Hendrik Helmerhorst, Marcus Schultz, Peter van der Voort, Evert de Jonge, David van Westerloo Critical Care 2015, 19:284 (17 August 2015)
Oxygen administration is uniformly used in emergency and intensive care medicine and has life-saving potential in critical conditions. However, excessive oxygenation also has deleterious properties in various pathophysiological processes and consequently both clinical and translational studies investigating hyperoxia during critical illness have gained increasing interest.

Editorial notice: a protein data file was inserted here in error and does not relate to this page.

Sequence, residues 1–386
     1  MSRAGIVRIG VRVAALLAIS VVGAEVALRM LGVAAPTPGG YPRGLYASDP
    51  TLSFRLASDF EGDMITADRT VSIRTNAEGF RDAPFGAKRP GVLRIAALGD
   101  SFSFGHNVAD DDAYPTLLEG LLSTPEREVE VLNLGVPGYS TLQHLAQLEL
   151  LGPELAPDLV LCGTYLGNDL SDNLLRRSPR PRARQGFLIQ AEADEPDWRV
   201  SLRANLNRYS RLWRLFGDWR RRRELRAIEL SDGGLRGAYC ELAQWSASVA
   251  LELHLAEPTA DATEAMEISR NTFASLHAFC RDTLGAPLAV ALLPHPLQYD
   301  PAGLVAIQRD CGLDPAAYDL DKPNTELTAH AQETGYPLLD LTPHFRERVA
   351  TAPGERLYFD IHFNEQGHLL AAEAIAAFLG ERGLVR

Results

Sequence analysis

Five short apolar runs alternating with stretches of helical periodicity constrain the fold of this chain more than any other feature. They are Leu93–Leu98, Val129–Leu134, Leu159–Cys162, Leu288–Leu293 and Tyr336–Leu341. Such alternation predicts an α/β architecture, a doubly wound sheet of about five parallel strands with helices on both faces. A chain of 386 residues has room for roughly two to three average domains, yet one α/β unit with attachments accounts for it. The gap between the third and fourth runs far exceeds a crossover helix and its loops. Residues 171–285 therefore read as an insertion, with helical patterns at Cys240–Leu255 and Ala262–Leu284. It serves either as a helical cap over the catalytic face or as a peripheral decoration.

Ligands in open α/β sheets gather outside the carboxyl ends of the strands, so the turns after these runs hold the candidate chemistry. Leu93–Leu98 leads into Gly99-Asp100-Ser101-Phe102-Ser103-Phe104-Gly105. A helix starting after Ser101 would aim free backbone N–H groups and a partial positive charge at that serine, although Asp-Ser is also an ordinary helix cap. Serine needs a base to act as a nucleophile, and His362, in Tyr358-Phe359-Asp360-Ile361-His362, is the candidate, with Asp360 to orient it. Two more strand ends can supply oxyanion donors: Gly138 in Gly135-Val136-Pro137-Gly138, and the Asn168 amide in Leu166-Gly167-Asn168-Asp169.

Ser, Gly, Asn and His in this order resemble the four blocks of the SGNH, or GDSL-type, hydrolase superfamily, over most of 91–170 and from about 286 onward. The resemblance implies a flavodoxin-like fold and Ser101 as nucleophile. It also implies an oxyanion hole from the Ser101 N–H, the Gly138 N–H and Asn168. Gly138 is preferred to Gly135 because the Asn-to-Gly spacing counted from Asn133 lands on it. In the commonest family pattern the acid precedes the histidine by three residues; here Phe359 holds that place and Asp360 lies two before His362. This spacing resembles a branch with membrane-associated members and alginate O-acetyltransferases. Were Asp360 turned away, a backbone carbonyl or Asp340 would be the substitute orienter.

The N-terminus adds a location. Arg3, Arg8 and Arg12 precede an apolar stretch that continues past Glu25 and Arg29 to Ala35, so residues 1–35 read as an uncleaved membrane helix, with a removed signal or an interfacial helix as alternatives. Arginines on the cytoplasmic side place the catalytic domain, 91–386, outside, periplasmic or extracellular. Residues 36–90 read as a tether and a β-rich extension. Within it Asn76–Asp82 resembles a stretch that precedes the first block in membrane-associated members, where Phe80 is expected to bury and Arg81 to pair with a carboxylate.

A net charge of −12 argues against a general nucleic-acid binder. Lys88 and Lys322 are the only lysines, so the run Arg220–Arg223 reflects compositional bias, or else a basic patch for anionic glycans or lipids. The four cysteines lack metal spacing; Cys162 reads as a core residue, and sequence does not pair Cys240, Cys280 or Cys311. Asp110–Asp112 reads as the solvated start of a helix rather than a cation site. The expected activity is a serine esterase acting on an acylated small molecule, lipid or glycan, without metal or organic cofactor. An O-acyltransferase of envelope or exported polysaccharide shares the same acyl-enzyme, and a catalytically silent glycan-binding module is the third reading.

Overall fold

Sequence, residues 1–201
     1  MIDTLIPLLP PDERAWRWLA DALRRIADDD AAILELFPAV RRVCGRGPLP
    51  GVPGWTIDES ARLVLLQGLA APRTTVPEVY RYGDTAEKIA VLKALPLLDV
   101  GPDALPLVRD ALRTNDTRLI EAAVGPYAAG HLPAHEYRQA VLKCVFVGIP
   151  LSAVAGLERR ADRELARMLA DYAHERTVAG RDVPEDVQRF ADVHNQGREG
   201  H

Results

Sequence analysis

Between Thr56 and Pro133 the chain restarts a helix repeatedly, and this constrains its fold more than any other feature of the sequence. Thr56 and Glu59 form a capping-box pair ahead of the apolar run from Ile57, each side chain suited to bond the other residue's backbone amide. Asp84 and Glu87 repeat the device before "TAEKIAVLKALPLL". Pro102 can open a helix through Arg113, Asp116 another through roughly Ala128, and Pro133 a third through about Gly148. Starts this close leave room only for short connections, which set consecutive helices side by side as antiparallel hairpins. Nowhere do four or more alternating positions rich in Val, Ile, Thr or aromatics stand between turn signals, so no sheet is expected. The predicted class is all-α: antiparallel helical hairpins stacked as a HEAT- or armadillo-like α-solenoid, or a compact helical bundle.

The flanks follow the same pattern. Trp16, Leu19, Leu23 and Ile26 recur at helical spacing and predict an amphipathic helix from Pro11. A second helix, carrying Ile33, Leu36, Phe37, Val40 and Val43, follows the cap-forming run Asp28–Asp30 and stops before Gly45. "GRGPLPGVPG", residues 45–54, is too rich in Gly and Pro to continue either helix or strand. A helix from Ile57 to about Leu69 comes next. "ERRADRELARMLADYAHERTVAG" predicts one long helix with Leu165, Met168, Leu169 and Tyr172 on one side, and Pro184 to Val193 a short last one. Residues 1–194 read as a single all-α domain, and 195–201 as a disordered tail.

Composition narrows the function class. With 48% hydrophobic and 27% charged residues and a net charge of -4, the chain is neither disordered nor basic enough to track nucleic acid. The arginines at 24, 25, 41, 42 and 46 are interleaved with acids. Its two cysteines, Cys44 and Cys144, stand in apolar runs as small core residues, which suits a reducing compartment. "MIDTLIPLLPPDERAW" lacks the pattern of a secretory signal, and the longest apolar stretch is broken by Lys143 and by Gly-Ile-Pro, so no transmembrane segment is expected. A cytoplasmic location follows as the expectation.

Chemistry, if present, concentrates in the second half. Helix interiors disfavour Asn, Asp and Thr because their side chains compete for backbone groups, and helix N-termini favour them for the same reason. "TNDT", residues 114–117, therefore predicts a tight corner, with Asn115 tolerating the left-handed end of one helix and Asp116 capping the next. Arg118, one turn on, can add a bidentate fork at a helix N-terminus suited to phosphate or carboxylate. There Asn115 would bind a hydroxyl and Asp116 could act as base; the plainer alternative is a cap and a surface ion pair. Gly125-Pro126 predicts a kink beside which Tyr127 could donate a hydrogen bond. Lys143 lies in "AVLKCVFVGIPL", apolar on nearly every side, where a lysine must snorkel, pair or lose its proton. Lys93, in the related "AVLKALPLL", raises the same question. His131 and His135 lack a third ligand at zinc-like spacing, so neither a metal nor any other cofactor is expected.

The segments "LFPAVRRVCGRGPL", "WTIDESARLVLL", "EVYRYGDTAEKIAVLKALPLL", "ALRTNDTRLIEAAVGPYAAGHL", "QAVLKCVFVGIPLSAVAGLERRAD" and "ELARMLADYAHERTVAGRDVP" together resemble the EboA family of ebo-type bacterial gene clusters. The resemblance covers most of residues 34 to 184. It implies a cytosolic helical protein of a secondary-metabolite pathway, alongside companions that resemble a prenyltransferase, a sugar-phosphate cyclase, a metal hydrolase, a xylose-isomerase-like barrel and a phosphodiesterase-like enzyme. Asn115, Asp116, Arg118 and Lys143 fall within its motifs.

Reactive oxygen species are notorious by-products of hyperoxia and play a pivotal role in cell signaling pathways. The effects are diverse, but when the homeostatic balance is disturbed, reactive oxygen species typically conserve a vicious cycle of tissue injury, characterized by cell damage, cell death, and inflammation. The most prominent symptoms in the abundantly exposed lungs include tracheobronchitis, pulmonary edema, and respiratory failure. In addition, absorptive atelectasis results as a physiological phenomenon with increasing levels of inspiratory oxygen. Hyperoxia-induced vasoconstriction can be beneficial during vasodilatory shock, but hemodynamic changes may also impose risk when organ perfusion is impaired. In this context, oxygen may be recognized as a multifaceted agent, a modifiable risk factor, and a feasible target for intervention. Although most clinical outcomes are still under extensive investigation, careful titration of oxygen supply is warranted in order to secure adequate tissue oxygenation while preventing hyperoxic harm.